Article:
Last week when I shared with friends that I, along with other local media folk, were going to be treated to a tour and dinner aboard a Boeing 777 courtesy of Qatar Airways, the consistent word that came out of everyone’s mouth was “elite”. Elite: best, first-class, aristocratic, exclusive, gilt-edged, greatest, noble, selected, upper-class, world-class… you get my drift. I was surely in for a treat. “Oh my goodness, the first class is known for being unbelievable,” a frequent flier girlfriend of mine gushed. ”Well, we aren’t going anywhere, we are just getting fed,” I admitted to her. And not that “just getting fed” is something Qatar Airways does, after all it is a 5-star menu that is offered to patrons via its Culinary World Menu.
And so, we weary yet giddy (what was in store for us??) travel writers, food bloggers, and even the elusive Tom Sietsema of WaPo fame sipped a quick cocktail at Dulles (after being picked up by a complimentary car service), then were sheparded through a proper ticketing, a full on security check and a walk on to the welcoming sitting plane (there was to be a take off after our dinner, we were cutting it close we found out later). Never before had the elite airline staged such a production.
There were some familiar faces in the small sea of media professionals, but there were many whom I didn’t know, which was nice, as we got to extend our network. As we came aboard, everyone pulled out cameras and smartphones and we snapped away at the seats, the flat screens, the gorgeous pristinely dressed and made up attendants, and of course, each other. We were encouraged to use #dinewithaltitude in our social media onslaught. The expansive cabin was filled with high energy and the sudden need to fly away, fly fly away from the national capital region (as I didn’t bring my passport, there was no way I could have hidden and gotten away with the post-dinner flight).
Now, back to the main reason why were were all gathered in the comfy Business Class seats (they only fly Business Class and Economy from Dulles): the five star menu which was designed by Chefs Nobu Matsuhisa, Tom Aikens, Vineet Bhatia and Ramzi Choueiri -chefs who collectively have earned a combined five Michelin stars. We were treated a multi-course meal, with choices, that was fit for a king and his court. We started with two select glasses of Champagne (“Why have one glass when you can have two?” said James Cluer, Qatar Airways Master of Wine, poetically from the front of the cabin). The white table clothes came out as each of the attendants smoothly showed us how to use the high tech A/V, then pulled out our trays, multi-tasking with grace and grandeur.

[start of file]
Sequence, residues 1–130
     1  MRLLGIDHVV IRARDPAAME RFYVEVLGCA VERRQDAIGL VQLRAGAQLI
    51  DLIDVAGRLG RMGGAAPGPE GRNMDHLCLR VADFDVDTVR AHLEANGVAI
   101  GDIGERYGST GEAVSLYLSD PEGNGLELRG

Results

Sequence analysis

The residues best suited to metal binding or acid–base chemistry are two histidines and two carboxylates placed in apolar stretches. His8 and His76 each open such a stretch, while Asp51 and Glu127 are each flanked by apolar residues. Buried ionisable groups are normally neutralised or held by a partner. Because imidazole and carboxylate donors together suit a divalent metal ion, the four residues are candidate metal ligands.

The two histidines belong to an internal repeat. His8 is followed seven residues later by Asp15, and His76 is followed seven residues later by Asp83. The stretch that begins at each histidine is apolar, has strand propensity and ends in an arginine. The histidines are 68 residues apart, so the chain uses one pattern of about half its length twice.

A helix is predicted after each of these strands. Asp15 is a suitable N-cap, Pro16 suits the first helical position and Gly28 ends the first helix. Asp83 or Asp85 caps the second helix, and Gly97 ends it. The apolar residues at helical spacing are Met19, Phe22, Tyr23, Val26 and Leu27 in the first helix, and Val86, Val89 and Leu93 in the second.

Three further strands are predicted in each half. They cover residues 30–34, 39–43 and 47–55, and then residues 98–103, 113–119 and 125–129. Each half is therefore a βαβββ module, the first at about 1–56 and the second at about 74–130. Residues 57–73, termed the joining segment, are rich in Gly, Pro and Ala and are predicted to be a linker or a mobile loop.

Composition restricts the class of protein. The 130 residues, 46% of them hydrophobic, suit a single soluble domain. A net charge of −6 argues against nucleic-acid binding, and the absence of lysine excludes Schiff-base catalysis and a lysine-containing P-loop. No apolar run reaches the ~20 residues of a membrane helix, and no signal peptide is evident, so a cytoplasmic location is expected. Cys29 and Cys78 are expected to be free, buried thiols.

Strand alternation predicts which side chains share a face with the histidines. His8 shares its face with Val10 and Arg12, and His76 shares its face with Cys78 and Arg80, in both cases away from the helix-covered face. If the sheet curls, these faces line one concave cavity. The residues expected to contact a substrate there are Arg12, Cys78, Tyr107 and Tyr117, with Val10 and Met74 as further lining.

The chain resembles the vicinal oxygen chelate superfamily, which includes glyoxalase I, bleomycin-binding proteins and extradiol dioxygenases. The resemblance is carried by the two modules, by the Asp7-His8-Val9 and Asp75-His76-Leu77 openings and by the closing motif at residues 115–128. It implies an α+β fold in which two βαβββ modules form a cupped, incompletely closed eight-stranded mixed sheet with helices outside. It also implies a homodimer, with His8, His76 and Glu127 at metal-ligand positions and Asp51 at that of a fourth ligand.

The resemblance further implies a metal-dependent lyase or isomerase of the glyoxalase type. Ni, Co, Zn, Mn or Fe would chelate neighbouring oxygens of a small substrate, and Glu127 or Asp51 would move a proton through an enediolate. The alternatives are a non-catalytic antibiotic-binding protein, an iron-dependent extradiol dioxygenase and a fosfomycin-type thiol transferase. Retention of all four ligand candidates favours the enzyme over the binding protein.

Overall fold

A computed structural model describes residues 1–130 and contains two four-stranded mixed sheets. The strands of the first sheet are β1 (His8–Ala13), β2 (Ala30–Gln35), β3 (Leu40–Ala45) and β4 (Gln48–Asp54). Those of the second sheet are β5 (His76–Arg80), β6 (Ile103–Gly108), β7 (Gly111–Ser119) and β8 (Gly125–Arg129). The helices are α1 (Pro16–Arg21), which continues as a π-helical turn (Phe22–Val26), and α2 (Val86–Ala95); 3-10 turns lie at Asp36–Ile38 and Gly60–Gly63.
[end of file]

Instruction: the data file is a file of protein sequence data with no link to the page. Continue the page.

As we listened to James speak to the multifaceted process he and his team go through in order to find “the perfect” wines (including trekking up mountain tops with sherpas to make sure that the taste remained fine in high altitude – what? exactly), and how the selection was changed several times a year (one must not become bored when on board) we flipped through the extensive menu and chatted amongst one another. Our choices, clearly explained, sounding mouth wateringly tempting. I chose the black cod with lemon by Nobu, the pea and mint soup by Tom, and Tom’s poached chicken breast with lemongrass (to die for). We had baskets of a variety of freshly baked breads and of course, a nice bowl of hot nuts to start. By the 3rd course I was getting full (just like at any multi-course dining excursion) but it was all just to delightful to stop.
Time flies by quickly when you are getting treated like royalty even when not at 35,000 feet. We were kindly ushered off before dessert came (after all, they had real paying passengers to tend to!) but no one was let down. The entire experience was memorable and all of us were given a safe drive home in a town car.
While that was a true treat, I’d need to have someone really treat me to get me flying. Prices for Business Class from IAD to Abu Dhabi range from $13,277.04 USD for a round trip ticket.
Learn more about the wine process in the video below:
Pamela Lynne Sorensen is the founder of Pamela’s Punch, a leading source of information for the “who, what, when, and where” of Washington, DC’s elite social, professional, and philanthropic scene, which she founded in November of 2006. In 2012 she launched Pacific Punch, based in Los Angeles. Pamela comes from an extensive background in sales and business development from a variety of industries, has been involved with charities and fundraising for a number of years and holds several Board and leadership positions. She currently resides in Arlington, Virginia and when she’s not out on the town, she’s reading or writing while sipping fine wine, or traveling the country and the world ISO adventures, beauty, fun, food, style, libations, music, and the good life. Follow her on Twitter at @pamelaspunch.